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Guadeloupe is an overseas department of France and the southernmost Leeward Island, part of the Lesser Antilles in the Caribbean Sea. Its islands are Basse-Terre to the west and Grande-Terre to the east (joined by bridges) plus 3 smaller islands.
The Arawaks settled in Guadeloupe in 300 AD but were wiped out by the Caribs in the 8th century. Columbus discovered it in 1493 although Spanish settlers were unable to settle there.
The French Company of the American Islands in St Kitts then took possession in 1635, killing most of the Caribs. It was annexed to France in 1674.
The British seized the island several times due to its lucrative sugar trade, but returned it to France in the Treaty of Paris of 1763. After a series of rebellions which occurred up to 1802 when a French force killed thousands of locals, the UK took over once again from 1810 to 1816. It was also ceded to Sweden for a brief period.
However, the Treaty of Vienna in 1815 finally acknowledged French control. In 1946, the colony became an overseas department and in 1974 an administrative department.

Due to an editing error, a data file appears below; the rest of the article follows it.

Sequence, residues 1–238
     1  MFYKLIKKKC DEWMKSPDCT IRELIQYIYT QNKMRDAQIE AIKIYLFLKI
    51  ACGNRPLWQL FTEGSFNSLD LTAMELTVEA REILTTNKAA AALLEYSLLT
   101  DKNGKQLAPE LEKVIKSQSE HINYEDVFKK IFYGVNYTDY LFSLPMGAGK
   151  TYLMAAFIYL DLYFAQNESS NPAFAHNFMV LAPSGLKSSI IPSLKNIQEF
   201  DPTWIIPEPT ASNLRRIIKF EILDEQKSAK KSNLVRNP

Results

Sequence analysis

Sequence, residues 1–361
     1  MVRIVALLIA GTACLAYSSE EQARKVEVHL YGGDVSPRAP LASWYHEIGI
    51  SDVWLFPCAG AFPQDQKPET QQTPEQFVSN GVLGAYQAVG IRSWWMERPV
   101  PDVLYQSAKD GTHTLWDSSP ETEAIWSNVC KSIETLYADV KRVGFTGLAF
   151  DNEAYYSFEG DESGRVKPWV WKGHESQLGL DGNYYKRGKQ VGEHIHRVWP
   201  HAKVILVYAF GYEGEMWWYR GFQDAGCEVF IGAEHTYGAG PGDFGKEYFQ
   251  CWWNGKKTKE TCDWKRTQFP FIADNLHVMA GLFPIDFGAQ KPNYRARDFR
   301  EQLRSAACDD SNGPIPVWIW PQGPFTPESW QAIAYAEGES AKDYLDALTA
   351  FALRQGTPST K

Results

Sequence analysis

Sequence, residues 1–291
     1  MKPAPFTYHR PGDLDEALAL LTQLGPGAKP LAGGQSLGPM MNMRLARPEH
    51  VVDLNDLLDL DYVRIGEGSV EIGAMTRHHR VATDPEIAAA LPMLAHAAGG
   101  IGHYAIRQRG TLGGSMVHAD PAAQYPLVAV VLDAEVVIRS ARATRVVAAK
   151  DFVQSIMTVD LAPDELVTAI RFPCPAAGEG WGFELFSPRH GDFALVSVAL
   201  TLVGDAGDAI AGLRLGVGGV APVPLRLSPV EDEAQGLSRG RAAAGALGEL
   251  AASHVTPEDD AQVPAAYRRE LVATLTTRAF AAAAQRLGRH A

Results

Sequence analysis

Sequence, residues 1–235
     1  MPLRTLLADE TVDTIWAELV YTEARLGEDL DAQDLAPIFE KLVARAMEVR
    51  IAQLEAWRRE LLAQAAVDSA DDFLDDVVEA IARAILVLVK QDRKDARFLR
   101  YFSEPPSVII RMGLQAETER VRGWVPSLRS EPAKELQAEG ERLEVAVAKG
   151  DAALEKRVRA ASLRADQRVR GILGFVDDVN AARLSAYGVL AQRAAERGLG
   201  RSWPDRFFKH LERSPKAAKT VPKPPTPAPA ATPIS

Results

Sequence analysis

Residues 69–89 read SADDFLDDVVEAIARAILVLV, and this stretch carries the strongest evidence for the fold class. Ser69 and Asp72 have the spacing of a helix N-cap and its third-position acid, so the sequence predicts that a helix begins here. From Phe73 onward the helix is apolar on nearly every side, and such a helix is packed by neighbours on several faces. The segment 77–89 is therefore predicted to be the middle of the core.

The economy of Guadeloupe depends on tourism, agriculture and services but the territory is dependent upon France for subsidies and imports.
Guadeloupe is geologically a volcanic island in the Lesser Antilles covered by limestones laid down as reefs. Basse-Terre is of rough volcanic terrain whilst Grande-Terre is a flat limestone plain.
The geology is not suitable for the generation and accumulation of commercial volumes of oil and gas. Thus Guadeloupe has no identified indigenous oil or gas resources, either onshore or offshore.
Globalshift believes it is unlikely to achieve any production in the future. No exploration wells have ever been drilled on the islands or in their surrounding waters.
Map and National Flag
Farming in the scrub
Land area (sq kms)
Oil prod (000s b/d)
Gas prod (bcm/yr)
Oil cons (000s b/d)
Gas cons (bcm/yr)
Like Martinique and French Guiana, Guadeloupe is a Department of France. It sends 4 deputies to the French National Assembly and 3 senators to the French Senate. Its Chief of State is the President of France. It has a unicameral 42-member General Council and 41-member Regional Council.
As an integral part of France it is in the EU and Eurozone with France responsible for its energy resources.
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